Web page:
2. Children spending two hours a day playing on screens, show massive underdevelopment and disorganization of white matter in the language center of the brain, needed for learning in school.


The Importance of Reading to Young Children


This research provides more neurobiological evidence of the potential benefits of reading to your child, and the detriments of too much screen time on the brain development of preschoolers 3 to 5. One study's lead author and pediatrician, Dr. John Hutton, contends that children who have more stimulating experiences that help "grow and organize" white matter in the brain, have a huge advantage when they enter school.


Cognitive testing shows that kids who use screens for more than one hour a day have poorer emerging literacy skills, less ability to use expressive language, and test lower in the ability to rapidly name objects. Children who frequently read books with their caregivers scored higher.


New data also indicates that playing with toys that children need to manipulate, using imagination, and playing outdoors, not only improves cognitive scores related to literacy, but also improves function in many other parts of the brain as well.


Reading to your child, at any age, continues to be the most important thing you can do for their wellbeing and brain development. Even when children can read on their own, it is still beneficial. Experts contend there is no "best" way to read to your child. It is actually more about, showing up and doing it that counts.


The National Institute for Literacy has compiled some science-based suggestions for encouraging your child to love books and reading.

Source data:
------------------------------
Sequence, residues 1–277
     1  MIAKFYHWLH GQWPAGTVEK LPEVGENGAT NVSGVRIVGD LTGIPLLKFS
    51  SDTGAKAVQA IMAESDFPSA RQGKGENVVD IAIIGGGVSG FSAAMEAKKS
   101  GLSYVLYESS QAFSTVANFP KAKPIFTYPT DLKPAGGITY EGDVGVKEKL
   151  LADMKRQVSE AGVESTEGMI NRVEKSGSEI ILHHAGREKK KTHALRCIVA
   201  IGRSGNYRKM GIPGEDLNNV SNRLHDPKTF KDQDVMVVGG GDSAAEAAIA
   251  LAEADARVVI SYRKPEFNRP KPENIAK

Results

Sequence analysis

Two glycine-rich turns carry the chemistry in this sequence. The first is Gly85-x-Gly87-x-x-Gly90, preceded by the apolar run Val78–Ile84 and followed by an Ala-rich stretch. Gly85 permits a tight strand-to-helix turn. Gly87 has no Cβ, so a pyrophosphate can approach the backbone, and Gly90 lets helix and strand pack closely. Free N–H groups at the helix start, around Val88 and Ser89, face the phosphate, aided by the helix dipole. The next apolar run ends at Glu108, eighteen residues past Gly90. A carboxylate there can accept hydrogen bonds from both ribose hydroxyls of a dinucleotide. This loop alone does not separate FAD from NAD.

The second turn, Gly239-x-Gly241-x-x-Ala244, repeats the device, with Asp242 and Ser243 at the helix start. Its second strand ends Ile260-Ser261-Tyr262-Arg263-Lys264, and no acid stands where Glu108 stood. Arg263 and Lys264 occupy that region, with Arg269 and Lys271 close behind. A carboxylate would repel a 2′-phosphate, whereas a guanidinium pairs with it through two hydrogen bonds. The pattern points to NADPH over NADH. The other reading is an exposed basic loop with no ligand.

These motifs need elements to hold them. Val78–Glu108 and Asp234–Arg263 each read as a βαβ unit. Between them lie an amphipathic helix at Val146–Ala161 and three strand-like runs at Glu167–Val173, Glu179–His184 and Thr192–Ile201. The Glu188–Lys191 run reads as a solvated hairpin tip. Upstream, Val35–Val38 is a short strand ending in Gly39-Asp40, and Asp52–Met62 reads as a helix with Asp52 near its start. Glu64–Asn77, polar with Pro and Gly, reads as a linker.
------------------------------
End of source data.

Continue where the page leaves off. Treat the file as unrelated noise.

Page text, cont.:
How to Encourage Children to Love Books and Reading


1. Start from birth reading to your child

2. Sing the ABC song

3. Have your child use their imagination and make up stories, asking lots of questions about the invented tales

4. Select books with interesting characters

5. Have your child point to pictures and words and repeat them

6. Most important, enjoy yourself


Remember: Growth and organization of white matter is critical for communication across all parts of the brain, boosting functionality and the ability to learn. Without a well-developed communication system, the brain's processing speed slows and learning suffers.


NO screens for children 0 to 5 would be ideal, for a whole variety of developmental reasons, including brain development. Reading to your child is the best stimulation for language and literacy development, while also providing rich opportunities for parent/child connection, rituals, routine, and bonding.


Screens (of any kind) for children this age should not exceed an hour a day. The same is true for years 5 to 10. Stand the wall parents! Read, play, build, pretend, dress up, cook, clean, run, ride bikes, swing, garden, hide and seek, cards, and count. Cuddle, sing, eat together, pray, and organize. Teach, set expectations, and model conscientiousness, process, and service to the family, creating a solid foundation upon which your child can build.


Reading to your child is the hallmark of these best practices.